Putting the passion back in business

What is the X-factor behind successful companies?  Well, if this was easy to define it could be prescribed and perhaps systemised, a kind of success by route. In which case, X-factor would become identifiable and hence, redundant as a term – at least in this context.  But it’s not like this, because it comes down to the inherent behaviours and characteristics that are in the DNA of the individuals who are the driving force behind such companies.  Those who are inspired to take risks in business because they believe wholeheartedly in their ‘cause’.

At the heart of this inspiration is a true passion for the business, a gut-feel for the product or service that overcomes detractors and propels the organisation to success.  Some may argue that this is harder to find in today’s uncertain economic landscape and that risk taking is not easy when business leaders are constantly measured purely on the contribution of their bottom line figures.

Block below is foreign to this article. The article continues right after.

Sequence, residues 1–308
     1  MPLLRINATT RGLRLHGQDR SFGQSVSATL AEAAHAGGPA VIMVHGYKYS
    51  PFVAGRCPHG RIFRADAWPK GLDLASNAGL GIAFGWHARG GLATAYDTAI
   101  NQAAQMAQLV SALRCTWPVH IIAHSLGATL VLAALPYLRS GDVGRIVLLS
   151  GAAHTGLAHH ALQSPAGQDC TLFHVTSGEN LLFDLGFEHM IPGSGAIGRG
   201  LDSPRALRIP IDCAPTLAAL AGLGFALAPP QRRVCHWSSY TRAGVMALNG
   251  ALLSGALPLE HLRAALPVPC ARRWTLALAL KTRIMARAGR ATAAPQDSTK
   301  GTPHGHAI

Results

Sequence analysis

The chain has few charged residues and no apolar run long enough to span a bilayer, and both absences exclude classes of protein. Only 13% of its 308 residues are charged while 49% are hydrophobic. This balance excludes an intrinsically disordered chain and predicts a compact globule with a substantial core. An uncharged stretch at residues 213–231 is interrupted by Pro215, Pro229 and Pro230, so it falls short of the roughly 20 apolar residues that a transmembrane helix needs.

Familiar household names can come and go, but occasionally a newcomer arrives with a truly innovative proposition and through sheer energy and unswerving belief, captures market imagination and shakes up the status quo, typically ruffling feathers along the way.

Business is and always has been, rich with such inspirational leaders; those individuals who have become synonymous with their brand and whose passion, vision and drive has not only disrupted the market place but completely transformed it.  And change is no respecter of reputation as major corporates like Nokia found out to their cost.  Others have been forced to adapt quickly to survive – witness how BA has reinvented itself to face the threat of the budget carriers and in particular Ryanair.  Even the third sector is susceptible to such individuals – think Help for Heroes and the impact it had when launched back in 2007.

Today’s business world is about those who have the foresight and vision to respond quickly to an unpredictable landscape, where businesses that ignore originality and uniqueness do so at their peril. And yet, those companies that thrive in troubled times are the ones that also adapt best to change, who can see new markets developing, and crucially, whose founders still retain that unquenchable belief in their product and the driving passion to succeed that got them there in the first place.

These and other factors are explored in our latest theme brief ‘Putting the Passion Back in Business’.  Please click on the link below to download the paper.

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